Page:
TECHNICAL NOTES Unethical Practices in Nigerian Engineering Industries: Complications for Project Management O. E. Alutu1 and M. L. Udhawuve2 Abstract: The purpose of the paper is to establish the unethical practices in engineering industries and identify the various factors that could encourage unethical practices in the nation’s life with a view to highlighting the ? ndings for corruption-free management of projects. A sample of 226 was randomly selected for the study from a population of 12,230 workers from selected companies in the manufacturing and construction industries in Lagos state.
The data were analyzed using simple percentages and the chi-square statistics. The results revealed that organizations have a code of conduct that should generate in the workforce values such as accountability and integrity and that there are disciplinary and control measures to check malpractices, yet individuals still engage in unethical practices. Of all the 34 unethical practices studied, “people want to acquire wealth by all means to enhance public status” ranked highest, followed by “people are driven by their inherent greed for money.
The factor that contributed most to the unethical practices is economic pressures, followed by societal practices, vested interests of stakeholders in contracts, and last organization’s practice. The result also showed that there are vested interests in design, award, execution, and commissioning of projects by stakeholders of the projects and that unethical practices have serious negative impact on project management. DOI: 10. 1061/ ASCE 0742-597X 2009 25:1 40 CE Database subject headings: Ethics; Construction management; Nigeria; Africa.
Introduction Corruption is a dangerous societal disease, more dangerous than cancer or HIV/AIDS is to human beings Akintude 2001 . The level of corruption has gone so high in Nigeria that corrupt practices have been blamed for the instability of successive governments in Nigeria since the ? rst republic Obasanjo 2000 . Thus, between 1960 and 1966, the period immediately after independence, corrupt practices were gradually planted into the Nigerian society. Between 1966 and 1979, the generals of the ? rst military incursion urtured it to full-grown status. The civilians between 1979 and 1983 watered it and it started to blossom. Finally, the military generals between 1983 and 1999 institutionalized it and made it a way of life, to the extent that Nigeria earned the reputation of being the second most corrupt nation in the world. At present, Nigeria is steep with corruption and it has affected every facet of the nation’s life. One of the aftermaths of corruption is the raising of the cost of construction to an embarrassing level.
The prevalence of poor precontract planning, inept/ incompetent contractors, incompetent consultants/professional advisers, fraud, poor project funding/delayed payments, late appointment of relevant professionals, nonapplication of due process in contract awards, hasty preparation/award/execution of Faculty of Engineering, Univ. of Benin, Benin City, Nigeria. Faculty of Engineering, Univ. of Benin, Benin City, Nigeria. Note. Discussion open until June 1, 2009. Separate discussions must be submitted for individual papers.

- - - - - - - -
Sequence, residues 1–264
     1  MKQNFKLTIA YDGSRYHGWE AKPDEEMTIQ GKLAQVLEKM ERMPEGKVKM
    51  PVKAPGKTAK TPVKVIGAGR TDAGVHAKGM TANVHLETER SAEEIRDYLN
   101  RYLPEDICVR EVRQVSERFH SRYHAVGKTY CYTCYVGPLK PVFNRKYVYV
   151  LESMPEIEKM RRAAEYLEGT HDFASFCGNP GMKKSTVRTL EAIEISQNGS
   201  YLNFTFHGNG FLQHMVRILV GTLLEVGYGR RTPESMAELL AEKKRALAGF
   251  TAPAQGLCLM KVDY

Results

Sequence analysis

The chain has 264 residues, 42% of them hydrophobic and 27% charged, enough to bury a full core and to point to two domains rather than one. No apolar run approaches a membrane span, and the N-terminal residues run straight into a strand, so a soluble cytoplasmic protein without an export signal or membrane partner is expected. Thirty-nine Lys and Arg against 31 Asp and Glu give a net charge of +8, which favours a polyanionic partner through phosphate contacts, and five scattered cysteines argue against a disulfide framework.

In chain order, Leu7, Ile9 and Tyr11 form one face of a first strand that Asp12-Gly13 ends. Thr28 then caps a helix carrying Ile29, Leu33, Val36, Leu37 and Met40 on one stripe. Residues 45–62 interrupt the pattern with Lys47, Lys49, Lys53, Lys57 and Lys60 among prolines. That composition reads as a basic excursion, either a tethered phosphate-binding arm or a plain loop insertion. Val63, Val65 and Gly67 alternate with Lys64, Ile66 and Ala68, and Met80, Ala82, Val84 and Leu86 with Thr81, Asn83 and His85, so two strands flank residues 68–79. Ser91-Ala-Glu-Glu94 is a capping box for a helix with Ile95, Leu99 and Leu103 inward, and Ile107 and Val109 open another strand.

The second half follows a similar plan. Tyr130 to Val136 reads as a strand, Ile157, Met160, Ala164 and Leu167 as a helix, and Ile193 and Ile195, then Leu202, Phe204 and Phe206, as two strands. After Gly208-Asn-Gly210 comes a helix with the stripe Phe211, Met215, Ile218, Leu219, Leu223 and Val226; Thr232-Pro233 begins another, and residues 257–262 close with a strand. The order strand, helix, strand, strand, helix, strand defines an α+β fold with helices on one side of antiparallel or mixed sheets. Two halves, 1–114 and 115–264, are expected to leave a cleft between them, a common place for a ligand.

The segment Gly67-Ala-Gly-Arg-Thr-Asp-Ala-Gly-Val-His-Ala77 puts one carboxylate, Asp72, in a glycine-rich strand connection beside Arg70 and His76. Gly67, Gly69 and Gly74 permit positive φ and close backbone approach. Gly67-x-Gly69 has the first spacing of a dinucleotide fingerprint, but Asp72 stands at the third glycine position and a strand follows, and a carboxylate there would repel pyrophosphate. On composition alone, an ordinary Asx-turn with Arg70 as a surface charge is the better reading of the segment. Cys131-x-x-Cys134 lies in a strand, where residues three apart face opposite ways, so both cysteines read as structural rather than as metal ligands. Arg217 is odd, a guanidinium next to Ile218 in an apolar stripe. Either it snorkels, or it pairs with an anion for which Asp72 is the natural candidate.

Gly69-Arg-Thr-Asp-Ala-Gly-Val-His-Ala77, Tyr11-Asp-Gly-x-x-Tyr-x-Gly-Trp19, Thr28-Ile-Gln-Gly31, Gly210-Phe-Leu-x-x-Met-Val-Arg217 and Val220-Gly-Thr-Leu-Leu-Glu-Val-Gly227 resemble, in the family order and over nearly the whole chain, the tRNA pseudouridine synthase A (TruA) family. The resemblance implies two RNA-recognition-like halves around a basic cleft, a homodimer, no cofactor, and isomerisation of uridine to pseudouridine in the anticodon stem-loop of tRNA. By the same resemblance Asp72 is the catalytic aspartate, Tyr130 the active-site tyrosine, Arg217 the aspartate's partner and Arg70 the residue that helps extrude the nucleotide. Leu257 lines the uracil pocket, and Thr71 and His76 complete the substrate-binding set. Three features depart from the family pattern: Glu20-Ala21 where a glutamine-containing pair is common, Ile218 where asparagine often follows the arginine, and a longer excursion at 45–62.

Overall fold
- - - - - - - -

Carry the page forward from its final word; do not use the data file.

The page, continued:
The manuscript for this technical note was submitted for review and possible publication on April 5, 2005; approved on May 17, 2007. This technical note is part of the Journal of Management in Engineering, Vol. 25, No. 1, January 1, 2009. ©ASCE, ISSN 0742-597X/2009/1-40–43/$25. 00. 2 1 projects, adverse market forces/inconsistent government policies, design inadequacies, choice of contractual arrangement/form of contact, and in? ation have been identi? ed as the causal factors responsible for the very high cost of construction in Nigeria NIQS 2003 .
For example, an of? ce block, three-star hotels, and industrial buildings in Nigeria will cost 50%, 155%, and 130%, respectively, more than what they would cost in South Africa NIQS 2003; Alutu 2004 . These situations have been sources of worry and embarrassment to many Nigerians. The Nigerian Society of engineers has identi? ed the issue of corruption in the engineering Industry as topical and has launched a crusade in 1997, which it tagged, “ethical professional revolution” in engineering. The present civilian government has realized this problem too.
A quote from Obasanjo 2000 underscores this point: “We realize that if the war against corruption is not fought and won, there will hardly be any sustainable technological development and political stability. ” According to Obasanjo 2001 , unethical practices could occur at any stage of engineering project implementation from inception to the commissioning stage. The most noticeable and common ones in running of engineering projects include lack of patriotism, violation of professional code of ethics in contract awards, and lack of moral considerations.
Sometimes, Lagos, by virtue of political decisions, has eroded the engineering standards, making immoral and unethical values to enhance corrupt practices the more. Unethical practices studies among University of Benin civil/ structural engineering undergraduates, revealed startlingly that the two most prevalent unethical practices in the Nigerian construction industries are that “Contractors get vital information on the 40 / JOURNAL OF MANAGEMENT IN ENGINEERING © ASCE / JANUARY 2009 contract by paying agreed sums of money to of? ers of awarding organizations” and that “Contractor must include ‘kick-backs’ in his tender or else he will not win the contract” Alutu 2002 . Moreover, the laws, codes of conduct, disciplinary, and control measures are in place in Nigeria, yet, individuals still engage in unethical practices. Meanwhile, the corrupt practices are fast becoming the way of life of the people, to the extent that, the younger generations are beginning to think that corrupt ways of the nation are the right values.